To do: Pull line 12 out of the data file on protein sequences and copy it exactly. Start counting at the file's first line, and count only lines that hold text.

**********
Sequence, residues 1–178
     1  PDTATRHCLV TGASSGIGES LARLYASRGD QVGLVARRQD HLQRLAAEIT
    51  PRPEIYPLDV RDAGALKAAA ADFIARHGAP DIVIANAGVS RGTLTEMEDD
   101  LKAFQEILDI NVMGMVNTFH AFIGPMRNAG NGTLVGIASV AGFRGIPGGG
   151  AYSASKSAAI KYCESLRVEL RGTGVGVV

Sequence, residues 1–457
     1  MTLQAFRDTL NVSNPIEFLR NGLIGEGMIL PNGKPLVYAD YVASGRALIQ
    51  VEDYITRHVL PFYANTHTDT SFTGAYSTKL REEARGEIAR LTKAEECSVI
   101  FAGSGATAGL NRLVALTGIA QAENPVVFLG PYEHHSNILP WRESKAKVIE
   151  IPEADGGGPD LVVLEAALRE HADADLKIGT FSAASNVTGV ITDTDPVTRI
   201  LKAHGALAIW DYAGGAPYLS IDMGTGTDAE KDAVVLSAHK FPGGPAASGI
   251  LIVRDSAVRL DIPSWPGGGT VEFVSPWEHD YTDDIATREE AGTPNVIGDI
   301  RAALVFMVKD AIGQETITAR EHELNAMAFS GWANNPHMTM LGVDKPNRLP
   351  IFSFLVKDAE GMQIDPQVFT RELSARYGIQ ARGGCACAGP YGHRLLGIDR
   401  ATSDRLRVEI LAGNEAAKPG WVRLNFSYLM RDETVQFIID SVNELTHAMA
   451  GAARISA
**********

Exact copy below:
   251  LIVRDSAVRL DIPSWPGGGT VEFVSPWEHD YTDDIATREE AGTPNVIGDI